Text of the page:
Why did you chose to tell your story as a graphic novel?
I think visually. I was trained as a film-maker. When I write it is usually the interpretation of the images in my head. So this was just a way of bypassing this whole translation into text when I did a graphic novel.
Was it easy to get published?
No. Because it is a graphic novel, people are hesitant to sign on. But once they read the story they get enthusiastic about it. There were hurdles but I relied on the strength of the story and I think that worked.
You said earlier that bringing out this book was like an odyssey for you. What was the journey like?
As I was trained as a film-maker, the world of graphic novels was completely alien to me. So when I started I was wondering—so what’s the first step? Do you first do the whole script and then start drawing or do you start drawing automatically. Also, drawing the pictures took a lot of time. As I am not a trained artist, each frame was a challenge to me and that was what I loved. I approached a publisher after the book was done. So I didn’t have to do any convincing of ‘imagine what it will be like’. I was like here—read it, you’ll like it.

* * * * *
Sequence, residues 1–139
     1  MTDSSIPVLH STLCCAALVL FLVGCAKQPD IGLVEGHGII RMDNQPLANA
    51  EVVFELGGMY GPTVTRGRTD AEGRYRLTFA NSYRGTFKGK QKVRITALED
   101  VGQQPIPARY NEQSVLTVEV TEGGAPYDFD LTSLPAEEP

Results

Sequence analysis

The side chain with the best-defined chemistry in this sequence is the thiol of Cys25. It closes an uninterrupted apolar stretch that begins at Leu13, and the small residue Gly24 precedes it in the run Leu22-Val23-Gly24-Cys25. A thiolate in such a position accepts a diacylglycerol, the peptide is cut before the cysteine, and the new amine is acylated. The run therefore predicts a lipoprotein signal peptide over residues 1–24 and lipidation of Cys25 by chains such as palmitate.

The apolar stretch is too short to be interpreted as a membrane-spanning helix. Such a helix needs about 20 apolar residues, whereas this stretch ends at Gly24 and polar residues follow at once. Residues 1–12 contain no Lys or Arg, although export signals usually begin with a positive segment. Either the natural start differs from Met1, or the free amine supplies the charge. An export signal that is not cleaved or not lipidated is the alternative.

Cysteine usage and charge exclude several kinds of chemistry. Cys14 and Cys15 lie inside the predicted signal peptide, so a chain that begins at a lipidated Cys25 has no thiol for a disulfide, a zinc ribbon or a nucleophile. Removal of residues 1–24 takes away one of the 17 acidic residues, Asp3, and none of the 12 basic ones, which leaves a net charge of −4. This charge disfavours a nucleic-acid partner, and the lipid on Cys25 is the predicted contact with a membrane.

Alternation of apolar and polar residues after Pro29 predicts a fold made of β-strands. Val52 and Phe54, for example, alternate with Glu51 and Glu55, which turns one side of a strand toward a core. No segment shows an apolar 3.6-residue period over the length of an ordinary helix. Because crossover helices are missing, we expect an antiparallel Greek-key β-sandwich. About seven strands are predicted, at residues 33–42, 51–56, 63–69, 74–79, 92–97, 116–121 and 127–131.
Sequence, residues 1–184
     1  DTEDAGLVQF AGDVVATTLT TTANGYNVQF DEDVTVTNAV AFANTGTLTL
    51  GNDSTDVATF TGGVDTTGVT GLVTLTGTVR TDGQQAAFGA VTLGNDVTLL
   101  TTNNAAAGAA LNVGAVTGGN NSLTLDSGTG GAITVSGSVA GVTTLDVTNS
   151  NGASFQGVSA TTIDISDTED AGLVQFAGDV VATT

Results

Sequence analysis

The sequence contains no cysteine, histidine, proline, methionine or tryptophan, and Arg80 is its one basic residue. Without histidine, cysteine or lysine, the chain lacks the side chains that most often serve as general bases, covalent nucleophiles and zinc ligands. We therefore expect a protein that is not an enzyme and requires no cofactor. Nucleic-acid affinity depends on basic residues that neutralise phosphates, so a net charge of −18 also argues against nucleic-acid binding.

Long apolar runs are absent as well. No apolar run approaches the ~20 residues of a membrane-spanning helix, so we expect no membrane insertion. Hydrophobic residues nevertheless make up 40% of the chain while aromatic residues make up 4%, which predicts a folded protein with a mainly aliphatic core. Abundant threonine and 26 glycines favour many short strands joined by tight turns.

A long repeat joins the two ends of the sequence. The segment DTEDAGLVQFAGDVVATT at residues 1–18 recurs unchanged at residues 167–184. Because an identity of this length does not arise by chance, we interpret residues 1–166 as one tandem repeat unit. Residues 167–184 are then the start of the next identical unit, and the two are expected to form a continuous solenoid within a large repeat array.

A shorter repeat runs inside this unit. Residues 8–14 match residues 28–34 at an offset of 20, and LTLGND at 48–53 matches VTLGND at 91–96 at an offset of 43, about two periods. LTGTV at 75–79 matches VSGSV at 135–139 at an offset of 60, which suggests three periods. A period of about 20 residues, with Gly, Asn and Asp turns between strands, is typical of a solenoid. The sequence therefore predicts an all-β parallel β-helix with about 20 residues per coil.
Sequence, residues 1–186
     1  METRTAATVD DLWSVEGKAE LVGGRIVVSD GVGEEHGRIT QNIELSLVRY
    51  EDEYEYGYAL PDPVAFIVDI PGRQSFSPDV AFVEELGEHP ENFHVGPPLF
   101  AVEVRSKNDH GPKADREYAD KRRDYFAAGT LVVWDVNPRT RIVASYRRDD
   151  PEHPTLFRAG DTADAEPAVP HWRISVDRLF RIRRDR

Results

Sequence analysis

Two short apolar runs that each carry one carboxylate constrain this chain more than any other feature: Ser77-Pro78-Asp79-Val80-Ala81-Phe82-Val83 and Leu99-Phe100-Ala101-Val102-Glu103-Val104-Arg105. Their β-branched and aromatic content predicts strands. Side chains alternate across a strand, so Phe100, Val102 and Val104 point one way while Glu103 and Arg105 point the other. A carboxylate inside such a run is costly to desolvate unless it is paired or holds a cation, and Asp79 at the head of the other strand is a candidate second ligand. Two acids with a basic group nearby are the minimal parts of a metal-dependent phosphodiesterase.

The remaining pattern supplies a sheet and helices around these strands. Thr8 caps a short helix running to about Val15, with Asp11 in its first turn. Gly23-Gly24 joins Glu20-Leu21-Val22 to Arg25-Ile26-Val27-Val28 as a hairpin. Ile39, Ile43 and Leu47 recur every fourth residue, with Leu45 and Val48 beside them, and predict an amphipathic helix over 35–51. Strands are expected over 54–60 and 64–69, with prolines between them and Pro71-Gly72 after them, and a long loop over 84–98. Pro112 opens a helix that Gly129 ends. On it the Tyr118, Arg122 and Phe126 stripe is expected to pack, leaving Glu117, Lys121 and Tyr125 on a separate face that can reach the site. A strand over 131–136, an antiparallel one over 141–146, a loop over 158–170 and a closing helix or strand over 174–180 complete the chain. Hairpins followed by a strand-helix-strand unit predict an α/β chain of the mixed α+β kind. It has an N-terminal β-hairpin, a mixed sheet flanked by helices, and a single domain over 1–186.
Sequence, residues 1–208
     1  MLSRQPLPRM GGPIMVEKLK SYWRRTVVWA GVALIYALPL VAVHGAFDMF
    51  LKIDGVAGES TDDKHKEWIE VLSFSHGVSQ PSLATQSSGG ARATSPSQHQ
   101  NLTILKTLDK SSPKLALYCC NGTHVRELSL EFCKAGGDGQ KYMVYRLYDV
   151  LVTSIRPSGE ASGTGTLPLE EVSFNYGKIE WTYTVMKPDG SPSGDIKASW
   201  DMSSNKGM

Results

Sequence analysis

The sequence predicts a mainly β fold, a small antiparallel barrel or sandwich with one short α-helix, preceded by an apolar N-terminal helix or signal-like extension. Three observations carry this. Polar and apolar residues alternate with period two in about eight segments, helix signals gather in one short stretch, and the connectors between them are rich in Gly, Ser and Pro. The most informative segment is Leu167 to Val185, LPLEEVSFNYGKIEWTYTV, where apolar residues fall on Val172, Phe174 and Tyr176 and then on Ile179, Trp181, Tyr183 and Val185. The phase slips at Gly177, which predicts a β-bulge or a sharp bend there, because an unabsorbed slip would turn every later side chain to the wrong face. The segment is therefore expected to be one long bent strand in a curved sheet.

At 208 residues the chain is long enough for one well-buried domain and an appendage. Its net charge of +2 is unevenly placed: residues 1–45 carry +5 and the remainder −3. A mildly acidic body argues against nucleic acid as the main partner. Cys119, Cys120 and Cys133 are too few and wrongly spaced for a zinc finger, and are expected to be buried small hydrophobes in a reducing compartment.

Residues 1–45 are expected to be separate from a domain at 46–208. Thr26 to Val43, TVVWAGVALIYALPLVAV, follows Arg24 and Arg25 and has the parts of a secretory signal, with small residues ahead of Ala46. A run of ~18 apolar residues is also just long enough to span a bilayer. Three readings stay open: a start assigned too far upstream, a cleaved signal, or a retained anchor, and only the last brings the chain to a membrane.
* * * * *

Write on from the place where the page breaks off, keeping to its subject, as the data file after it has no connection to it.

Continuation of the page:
In your opinion, what is missing from the graphic novel scene in India?
Over the past 15 years, we have been reading graphic novels from outside India and they’ve been made into movies. So now they’re accepted. Lots of artists who aren’t eloquent realise they can tell their stories through graphic novels. But when I say lots, compared to other countries, it is still a very small number. But it’s happening. Young people in their 20s and 30s are buying comic books and graphic novels. I think more people will take up this genre.